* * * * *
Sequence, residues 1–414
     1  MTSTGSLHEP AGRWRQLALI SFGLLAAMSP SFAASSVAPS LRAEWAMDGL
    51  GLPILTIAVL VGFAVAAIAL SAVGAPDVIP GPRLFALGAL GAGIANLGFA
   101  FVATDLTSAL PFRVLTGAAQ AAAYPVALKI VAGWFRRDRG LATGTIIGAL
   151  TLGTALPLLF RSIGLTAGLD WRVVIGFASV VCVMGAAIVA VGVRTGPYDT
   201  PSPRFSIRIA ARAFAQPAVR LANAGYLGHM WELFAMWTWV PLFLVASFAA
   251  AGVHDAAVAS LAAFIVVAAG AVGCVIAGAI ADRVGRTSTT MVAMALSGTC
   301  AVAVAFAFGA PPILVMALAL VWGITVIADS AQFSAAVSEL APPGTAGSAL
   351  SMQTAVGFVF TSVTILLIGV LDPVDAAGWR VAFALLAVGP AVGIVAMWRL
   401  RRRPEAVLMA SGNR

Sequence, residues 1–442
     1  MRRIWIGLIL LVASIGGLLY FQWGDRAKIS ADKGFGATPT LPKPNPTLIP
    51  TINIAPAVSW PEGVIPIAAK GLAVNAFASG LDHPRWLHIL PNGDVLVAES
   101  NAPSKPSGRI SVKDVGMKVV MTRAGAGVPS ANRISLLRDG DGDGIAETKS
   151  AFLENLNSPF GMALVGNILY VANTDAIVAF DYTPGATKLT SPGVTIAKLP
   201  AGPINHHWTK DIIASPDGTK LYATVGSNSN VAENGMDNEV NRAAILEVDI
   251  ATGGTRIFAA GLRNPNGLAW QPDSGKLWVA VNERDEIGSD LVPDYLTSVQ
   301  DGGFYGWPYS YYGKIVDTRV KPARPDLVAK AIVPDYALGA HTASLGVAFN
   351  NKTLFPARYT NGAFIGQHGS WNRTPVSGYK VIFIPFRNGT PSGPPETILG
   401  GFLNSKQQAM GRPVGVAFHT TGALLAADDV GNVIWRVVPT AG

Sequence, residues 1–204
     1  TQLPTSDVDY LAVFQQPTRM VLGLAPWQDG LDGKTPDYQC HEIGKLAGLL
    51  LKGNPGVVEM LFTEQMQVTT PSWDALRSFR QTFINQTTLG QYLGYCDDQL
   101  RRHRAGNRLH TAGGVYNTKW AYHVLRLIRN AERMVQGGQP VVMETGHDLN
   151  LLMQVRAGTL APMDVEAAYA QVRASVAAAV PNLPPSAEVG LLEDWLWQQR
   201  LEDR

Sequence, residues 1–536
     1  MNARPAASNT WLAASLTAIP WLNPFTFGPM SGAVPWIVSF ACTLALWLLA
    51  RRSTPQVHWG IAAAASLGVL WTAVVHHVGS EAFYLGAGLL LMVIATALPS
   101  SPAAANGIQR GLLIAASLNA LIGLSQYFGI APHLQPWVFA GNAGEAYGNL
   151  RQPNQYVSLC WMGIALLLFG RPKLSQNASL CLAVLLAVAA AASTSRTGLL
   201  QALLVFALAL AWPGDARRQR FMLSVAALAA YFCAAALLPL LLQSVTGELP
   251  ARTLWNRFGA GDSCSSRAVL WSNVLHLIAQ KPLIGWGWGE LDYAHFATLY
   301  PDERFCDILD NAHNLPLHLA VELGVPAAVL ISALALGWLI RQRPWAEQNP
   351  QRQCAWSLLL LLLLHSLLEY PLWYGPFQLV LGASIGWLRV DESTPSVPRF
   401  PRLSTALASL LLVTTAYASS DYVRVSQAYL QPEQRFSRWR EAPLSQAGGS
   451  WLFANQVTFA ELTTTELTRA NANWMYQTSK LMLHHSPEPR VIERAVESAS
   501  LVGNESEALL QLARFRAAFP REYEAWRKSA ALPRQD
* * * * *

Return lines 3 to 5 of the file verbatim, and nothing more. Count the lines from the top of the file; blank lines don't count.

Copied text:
    51  GLPILTIAVL VGFAVAAIAL SAVGAPDVIP GPRLFALGAL GAGIANLGFA
   101  FVATDLTSAL PFRVLTGAAQ AAAYPVALKI VAGWFRRDRG LATGTIIGAL
   151  TLGTALPLLF RSIGLTAGLD WRVVIGFASV VCVMGAAIVA VGVRTGPYDT